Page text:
The filing period for federal, state and local elections opened on Tuesday.
That makes it a good time to review the ECM Publishers, Inc. policies for writing letters to the editor during the 2014 election season.
These policies will be strictly enforced in the Princeton Union-Eagle and Mille Lacs County Times. There is no opportunity for the publication of letters in the Town & Country or My Generation.
During the election season, letter writers will be held to the following guidelines:
• No letters regarding campaign issues will be published in the edition immediately prior to Election Day. If letters are submitted for the second to the last edition that require response or rebuttal, a narrow and specific response to the new allegation or accusation will be allowed in the edition immediately prior to election day. (This rule also applies to the edition the week before the state primary election. This year, the primary is Aug. 12. No primary-related campaign or election letters will be printed in the August 7, 2014, editions.)
• No election-related letters are published in the edition before an election. A very narrow exception may be made to allow a very specific rebuttal to the previous week’s edition. This exception is very rare and needs full approval of the editor/managing editor/director of news.
• Electronic submissions are preferred. Letters can also be submitted online.
• All letters must include the letter writer’s name, address, daytime and evening phone numbers for verification purposes. E-mail addresses are not sufficient for verification. Only the writer’s name and city of residence will be published, and we will not share writers’ contact information. All letters must be verified before publication, preferably via telephone call to the author.
• In most cases, the author must be local. The editor may make exceptions if the topic is specifically local, or if the author is an expert on the topic, or another circumstance makes the letter local to that edition.
• Editors will publish only one letter every calendar month from the same author, even if the letters are for different candidates, or on different topics. In addition, any person mentioned in a letter or editorial has the right to reply to that specifically.
• Letters may be no longer than 350 words. Editors reserve the right to edit for content and length. Letters are edited aggressively, especially those that repeat themes.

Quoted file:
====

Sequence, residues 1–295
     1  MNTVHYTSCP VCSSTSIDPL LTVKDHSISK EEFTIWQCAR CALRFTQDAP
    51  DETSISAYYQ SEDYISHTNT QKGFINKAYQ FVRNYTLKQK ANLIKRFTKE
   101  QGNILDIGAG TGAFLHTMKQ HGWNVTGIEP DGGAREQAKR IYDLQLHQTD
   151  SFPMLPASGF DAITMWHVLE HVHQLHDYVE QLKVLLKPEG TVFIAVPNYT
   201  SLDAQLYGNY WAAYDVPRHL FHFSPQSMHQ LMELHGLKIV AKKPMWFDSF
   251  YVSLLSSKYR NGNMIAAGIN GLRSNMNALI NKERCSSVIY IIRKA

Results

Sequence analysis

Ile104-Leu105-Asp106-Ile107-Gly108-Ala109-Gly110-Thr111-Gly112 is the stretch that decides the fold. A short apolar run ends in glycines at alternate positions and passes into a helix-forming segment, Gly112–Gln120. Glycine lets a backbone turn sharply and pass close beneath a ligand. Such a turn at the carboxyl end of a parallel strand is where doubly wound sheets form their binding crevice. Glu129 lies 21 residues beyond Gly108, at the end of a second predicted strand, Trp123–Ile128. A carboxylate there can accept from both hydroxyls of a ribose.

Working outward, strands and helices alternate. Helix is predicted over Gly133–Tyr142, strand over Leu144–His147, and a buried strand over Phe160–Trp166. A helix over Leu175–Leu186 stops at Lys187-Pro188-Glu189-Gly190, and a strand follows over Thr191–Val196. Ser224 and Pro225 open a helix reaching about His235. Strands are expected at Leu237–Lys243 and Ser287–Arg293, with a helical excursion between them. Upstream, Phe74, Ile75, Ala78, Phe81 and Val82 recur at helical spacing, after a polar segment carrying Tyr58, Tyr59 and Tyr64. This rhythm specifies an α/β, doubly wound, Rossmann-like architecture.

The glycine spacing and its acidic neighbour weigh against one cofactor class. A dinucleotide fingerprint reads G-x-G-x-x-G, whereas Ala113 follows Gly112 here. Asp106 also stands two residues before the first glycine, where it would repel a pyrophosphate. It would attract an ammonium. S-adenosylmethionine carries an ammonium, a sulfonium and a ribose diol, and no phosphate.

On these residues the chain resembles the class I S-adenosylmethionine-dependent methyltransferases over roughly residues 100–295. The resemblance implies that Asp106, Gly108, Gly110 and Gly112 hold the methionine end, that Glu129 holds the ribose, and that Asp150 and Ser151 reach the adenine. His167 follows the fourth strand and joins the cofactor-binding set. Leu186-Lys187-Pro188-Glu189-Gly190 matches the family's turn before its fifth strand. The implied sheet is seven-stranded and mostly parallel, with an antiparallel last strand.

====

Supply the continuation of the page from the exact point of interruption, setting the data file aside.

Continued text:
• Letter writers are responsible for verification of facts and providing legitimate sources and documentation for their statements.
• Rebuttals are welcome. Counter-rebuttals are rarely used. No more than two letters from each individual on a particular topic will be accepted.
• Letters from the candidates will not be accepted, but the candidate will be able to submit rebuttal letters to a specific issue. Otherwise, the candidate’s opinions and self-promotion can be printed in an advertisement.
• Submitting a letter does not guarantee publication. The newspaper reserves the right to not publish any letter.
• Letters will be examined for “name calling,” libelous, false and misleading statements and plagiarism, and could be disqualified for publication for any of these reasons.
• Mass-produced letters, or form letters, even if submitted or created by a local resident, will be rejected. Signing a letter produced by an Internet program, or copying and signing a form letter in any format, is considered plagiarism.
• Letters with multiple signatures are strongly discouraged because they slow the verification process. No more than five signatures on one letter accepted.
• An editor’s note may accompany a letter if additional information would be germane to the letter. Writers should be identified if they are part of the candidate’s campaign.
• All letters and columns published in the newspaper will appear on the newspapers’ websites.
• Additional letters that cannot be printed due to space limitations will be printed online.
• Online comments and additional letters will published until 5 p.m. the Friday before the election.
• Most of these policies above apply year round, but the busy election season makes enforcement even more vital.